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General.Zhukov

Comparing prices during trade-offs when TEP is a bad idea)

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1) Agency is developing a solicitation (or 'fair opportunity') for a multiple-award IDIQ.  Commercial.  Well over $5.5 million.  Trade-offs evaluation of some type (God willing, it won't be FAR 15 in all but name).   FFP.  

2) The requirement is partially performance based, so offerors can propose alternative technical solutions - with very different pricing arrangements.  For example:

  • Offeror 1 proposes FFP $/Yr for unlimited use of Services A & B. 
  • Offeror 2 proposes $/Minute of Use for A,  $/User/Month for B, with tiered volume discounts.
  • Offeror 3 proposes to sub A&B to Offeror 1, but is somehow cheaper than Offeror 1.
  • Etc.

3) We know our specific requirements will change over time, and so there are lots (lots) of options.   The options have complicated interactions I don't understand.   Exercise Option #1 and you must also exercise Option #2, you can't exercise Options 3 or 4.  .  But you can exercise Option # 2 without #1.  Etc.

4) Yes, I would like to not do it like this, and have raised all the obvious objections, but its going to happen regardless.  My colleagues and I are well aware of what a mess this will be.

5) 'Total Evaluated Price' is a bad idea.

  • My agency almost always uses 'Total Evaluated Price' - just summing up the price of the order inclusive of all options - when conducting trade-offs.  Is A or B cheaper?  Just compare their TEPs.
  • In this case,  naively determining a 'Total Evaluated Price' inclusive of all options is incoherent.  
  • Comparing two incoherent TEP is even worse.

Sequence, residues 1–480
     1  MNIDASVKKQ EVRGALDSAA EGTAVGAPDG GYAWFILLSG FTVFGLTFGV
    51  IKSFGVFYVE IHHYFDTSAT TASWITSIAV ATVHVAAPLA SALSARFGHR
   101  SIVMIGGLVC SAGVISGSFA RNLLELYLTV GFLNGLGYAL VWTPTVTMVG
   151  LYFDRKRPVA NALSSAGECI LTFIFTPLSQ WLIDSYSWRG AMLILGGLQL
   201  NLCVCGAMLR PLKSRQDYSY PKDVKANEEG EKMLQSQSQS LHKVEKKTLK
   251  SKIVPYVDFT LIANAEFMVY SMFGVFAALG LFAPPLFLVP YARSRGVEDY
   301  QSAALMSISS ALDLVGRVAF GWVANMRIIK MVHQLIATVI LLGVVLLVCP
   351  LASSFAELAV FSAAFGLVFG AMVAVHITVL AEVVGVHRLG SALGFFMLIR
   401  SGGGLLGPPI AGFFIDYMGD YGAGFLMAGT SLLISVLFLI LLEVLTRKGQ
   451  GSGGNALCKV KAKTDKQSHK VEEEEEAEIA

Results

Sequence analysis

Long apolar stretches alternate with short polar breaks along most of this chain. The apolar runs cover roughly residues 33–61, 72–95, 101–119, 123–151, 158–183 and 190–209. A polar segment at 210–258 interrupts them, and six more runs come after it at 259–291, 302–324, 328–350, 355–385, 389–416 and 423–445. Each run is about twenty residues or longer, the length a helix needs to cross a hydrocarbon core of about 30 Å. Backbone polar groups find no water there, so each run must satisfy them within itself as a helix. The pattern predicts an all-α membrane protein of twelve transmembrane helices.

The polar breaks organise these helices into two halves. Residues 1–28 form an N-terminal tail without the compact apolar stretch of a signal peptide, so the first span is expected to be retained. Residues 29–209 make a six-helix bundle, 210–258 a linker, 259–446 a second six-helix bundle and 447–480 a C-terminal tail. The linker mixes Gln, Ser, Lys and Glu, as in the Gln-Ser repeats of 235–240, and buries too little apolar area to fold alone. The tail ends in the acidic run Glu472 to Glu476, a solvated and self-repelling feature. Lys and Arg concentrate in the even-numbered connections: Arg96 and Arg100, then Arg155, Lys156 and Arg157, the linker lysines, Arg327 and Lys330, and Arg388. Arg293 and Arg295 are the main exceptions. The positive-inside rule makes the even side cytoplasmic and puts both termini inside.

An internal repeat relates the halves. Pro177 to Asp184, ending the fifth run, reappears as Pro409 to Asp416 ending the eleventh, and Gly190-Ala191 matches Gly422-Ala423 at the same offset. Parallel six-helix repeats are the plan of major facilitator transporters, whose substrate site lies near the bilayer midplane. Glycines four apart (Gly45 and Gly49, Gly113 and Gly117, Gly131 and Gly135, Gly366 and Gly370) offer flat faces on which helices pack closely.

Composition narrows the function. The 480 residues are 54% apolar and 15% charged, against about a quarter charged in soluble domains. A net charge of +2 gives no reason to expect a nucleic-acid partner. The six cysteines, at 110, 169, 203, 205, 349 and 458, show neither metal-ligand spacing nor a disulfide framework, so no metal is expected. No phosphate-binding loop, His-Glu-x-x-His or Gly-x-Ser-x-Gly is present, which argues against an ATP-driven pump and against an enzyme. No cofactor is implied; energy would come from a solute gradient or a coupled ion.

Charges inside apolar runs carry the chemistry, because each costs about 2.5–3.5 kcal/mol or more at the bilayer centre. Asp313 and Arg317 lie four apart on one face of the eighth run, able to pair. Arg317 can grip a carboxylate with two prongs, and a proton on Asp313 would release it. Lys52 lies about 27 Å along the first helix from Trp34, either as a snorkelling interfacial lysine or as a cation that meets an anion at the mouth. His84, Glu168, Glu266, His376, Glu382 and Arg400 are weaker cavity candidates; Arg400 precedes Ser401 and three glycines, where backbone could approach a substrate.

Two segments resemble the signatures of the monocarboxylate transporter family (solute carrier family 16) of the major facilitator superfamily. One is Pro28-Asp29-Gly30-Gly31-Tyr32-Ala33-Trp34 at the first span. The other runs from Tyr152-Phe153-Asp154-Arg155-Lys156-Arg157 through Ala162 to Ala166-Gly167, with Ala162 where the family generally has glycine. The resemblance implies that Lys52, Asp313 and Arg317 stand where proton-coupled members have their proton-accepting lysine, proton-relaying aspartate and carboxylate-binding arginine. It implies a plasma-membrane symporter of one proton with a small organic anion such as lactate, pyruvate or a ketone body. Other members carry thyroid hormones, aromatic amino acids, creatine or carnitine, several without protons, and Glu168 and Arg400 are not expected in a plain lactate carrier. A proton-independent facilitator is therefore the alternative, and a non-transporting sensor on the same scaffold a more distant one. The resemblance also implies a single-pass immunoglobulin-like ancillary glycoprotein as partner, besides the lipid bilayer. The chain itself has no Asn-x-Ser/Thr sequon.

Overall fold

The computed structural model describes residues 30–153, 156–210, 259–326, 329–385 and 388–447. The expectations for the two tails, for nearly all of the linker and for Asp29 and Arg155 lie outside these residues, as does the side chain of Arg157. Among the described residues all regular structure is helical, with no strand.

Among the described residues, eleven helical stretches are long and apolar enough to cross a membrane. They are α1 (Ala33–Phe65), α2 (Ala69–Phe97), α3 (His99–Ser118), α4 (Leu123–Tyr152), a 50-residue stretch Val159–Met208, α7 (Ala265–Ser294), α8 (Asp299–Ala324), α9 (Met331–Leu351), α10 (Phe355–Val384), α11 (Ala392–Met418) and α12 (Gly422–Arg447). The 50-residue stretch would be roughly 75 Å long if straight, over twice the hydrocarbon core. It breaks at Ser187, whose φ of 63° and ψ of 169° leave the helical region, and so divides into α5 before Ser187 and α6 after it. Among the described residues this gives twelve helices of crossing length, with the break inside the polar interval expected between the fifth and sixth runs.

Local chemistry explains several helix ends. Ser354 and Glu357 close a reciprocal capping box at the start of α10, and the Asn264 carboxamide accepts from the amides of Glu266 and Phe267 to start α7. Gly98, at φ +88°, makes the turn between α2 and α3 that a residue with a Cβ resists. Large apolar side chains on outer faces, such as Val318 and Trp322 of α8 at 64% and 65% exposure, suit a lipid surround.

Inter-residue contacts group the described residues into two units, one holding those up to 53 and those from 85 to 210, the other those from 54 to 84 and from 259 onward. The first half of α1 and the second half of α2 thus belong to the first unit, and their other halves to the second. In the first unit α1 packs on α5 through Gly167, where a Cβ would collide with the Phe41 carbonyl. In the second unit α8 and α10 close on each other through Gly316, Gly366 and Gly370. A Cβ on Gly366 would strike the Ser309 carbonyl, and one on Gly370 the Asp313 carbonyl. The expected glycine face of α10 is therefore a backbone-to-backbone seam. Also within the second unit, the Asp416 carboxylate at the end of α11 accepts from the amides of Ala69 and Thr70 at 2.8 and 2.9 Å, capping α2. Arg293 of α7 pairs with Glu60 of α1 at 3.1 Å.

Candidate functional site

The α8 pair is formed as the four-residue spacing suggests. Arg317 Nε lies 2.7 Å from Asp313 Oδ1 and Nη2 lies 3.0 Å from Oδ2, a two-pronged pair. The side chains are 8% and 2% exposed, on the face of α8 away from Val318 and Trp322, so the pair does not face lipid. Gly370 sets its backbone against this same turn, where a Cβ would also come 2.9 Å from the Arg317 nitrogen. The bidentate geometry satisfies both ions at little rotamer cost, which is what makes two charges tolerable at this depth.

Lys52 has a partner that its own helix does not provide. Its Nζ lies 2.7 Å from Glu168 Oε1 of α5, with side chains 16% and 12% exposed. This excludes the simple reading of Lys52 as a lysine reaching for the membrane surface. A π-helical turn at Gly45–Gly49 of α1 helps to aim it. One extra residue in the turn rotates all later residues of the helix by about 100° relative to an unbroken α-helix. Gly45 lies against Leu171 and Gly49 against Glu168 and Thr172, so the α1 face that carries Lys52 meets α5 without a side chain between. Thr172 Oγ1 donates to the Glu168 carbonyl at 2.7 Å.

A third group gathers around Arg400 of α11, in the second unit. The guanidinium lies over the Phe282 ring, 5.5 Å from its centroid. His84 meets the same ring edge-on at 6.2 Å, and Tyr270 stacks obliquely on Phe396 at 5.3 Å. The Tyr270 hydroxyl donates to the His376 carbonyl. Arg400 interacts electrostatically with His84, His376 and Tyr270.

What to do?

 

 

 

 

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It sounds like you will not be able to split this into smaller, more manageable chunks.  Can you pick the most likely scenario, evaluate those options, and force the requiring activity to provide sole source justifications for deviations?  I assume they are foisting this on your office somehow, so you should inflict as much suffering upon them as you can.

 

Looking forward to hearing better responses that this, just getting the ball rolling.  Best of luck to you, General.

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The situation isn’t unlike what agencies face with buying IT such as cloud services.  That’s because companies have mostly unique ways of packing and pricing their firings.  A common approach is require submission of unit pricing and then havecompanies propose against a government defined situation over the contract life using their individual unit prices with the RFP defined assumptions.   This allows companies to stick with their standard ways of doing business and propose against a common defined solicitation baseline.  The government then carefully analyzes each contractors approach against their pricing.  This is tricky because the companies may use completly different approaches that each other.

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